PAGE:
processed on different machines or browsers may have slight
differences due to hardware or software differences between the
machines, while the same combination of machine and browser will
produce the same output," the researchers explain.
The method doesn't
require access to a device's microphone, but rather relies on the
way a signal is processed.
Arvind Narayanan and Steven Englehardt, have published a
test page to demonstrate what your
browser's audio fingerprint looks like.
AudioContext API to fingerprint does not collect sound played or
recorded by your machine. An AudioContext fingerprint is a
property of your machine's audio stack itself," they note on the
The technique isn't
widely adopted but joins a number of other approaches that may be
used in conjunction for tracking users as they browse the web.
For example, one
script that they found combined a device's current charge level, a
canvas-font fingerprint and a local IP address derived from
WebRTC, the framework for real-time
communications between two browsers.
found 715 of the top one million
websites are using WebRTC to discover the local IP address of users.
Most of these are third-party trackers.
Another more widely
used method is fingerprinting based on the HTML Canvass API, which
aims to deduce the fonts installed on a browser. They found 3,250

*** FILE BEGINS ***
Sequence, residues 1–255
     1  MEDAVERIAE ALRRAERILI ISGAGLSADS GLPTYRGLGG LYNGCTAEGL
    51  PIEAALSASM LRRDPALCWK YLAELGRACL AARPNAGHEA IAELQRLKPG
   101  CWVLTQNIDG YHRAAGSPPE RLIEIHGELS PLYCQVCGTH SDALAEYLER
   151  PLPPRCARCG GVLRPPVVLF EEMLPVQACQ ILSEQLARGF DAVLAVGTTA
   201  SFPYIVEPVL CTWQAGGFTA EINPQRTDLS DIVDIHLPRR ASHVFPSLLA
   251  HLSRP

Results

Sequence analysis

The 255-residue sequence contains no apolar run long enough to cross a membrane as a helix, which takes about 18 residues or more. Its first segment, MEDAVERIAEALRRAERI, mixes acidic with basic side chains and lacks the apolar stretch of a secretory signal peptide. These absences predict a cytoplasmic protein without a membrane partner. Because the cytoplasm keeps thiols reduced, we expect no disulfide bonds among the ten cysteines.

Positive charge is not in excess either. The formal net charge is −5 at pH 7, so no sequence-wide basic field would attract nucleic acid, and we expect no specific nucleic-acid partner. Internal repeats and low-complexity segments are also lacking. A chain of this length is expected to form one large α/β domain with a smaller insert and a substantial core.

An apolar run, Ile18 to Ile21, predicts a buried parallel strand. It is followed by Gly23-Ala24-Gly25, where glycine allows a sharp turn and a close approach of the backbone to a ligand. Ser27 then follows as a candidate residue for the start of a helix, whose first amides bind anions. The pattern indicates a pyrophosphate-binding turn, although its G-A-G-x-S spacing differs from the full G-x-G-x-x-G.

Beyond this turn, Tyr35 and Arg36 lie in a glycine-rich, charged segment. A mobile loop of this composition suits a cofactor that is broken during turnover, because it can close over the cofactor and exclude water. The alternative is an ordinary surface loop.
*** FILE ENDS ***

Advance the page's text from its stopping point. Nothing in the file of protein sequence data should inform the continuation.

first-party sites using this technique.
analyzed canvass fingerprinting in 2014, and note three changes
most prominent trackers have by and large stopped using it,
suggesting that the public backlash following that study was
overall number of domains employing it has increased
considerably, indicating that knowledge of the technique has
spread and that more obscure trackers are less concerned about
Third, the use
has shifted from behavioral tracking to fraud detection, in line
with the ad industry's self-regulatory norm regarding acceptable
uses of fingerprinting."
The other key
finding, which may be good news depending on your attitude to,
that the number of third-party trackers that users will encounter on
a daily basis is small.
"All of the top
five third parties, as well as 12 of the top 20, are
Google, Facebook, and Twitter are the only third-party entities
present on more than 10 percent of sites," the researchers note.
The researchers say
their data suggests there has been a consolidation in the market for
third-party tracking, which contrasts to the perception that there
has been an explosion in third-party trackers.
And that could be
good news in terms of pressuring the industry to make
"For 100 or so
third parties that are prevalent on one percent or more of
sites, we might expect that they are large enough entities that
their behavior can be regulated by public-relations pressure and
the possibility of legal or enforcement actions," they argued.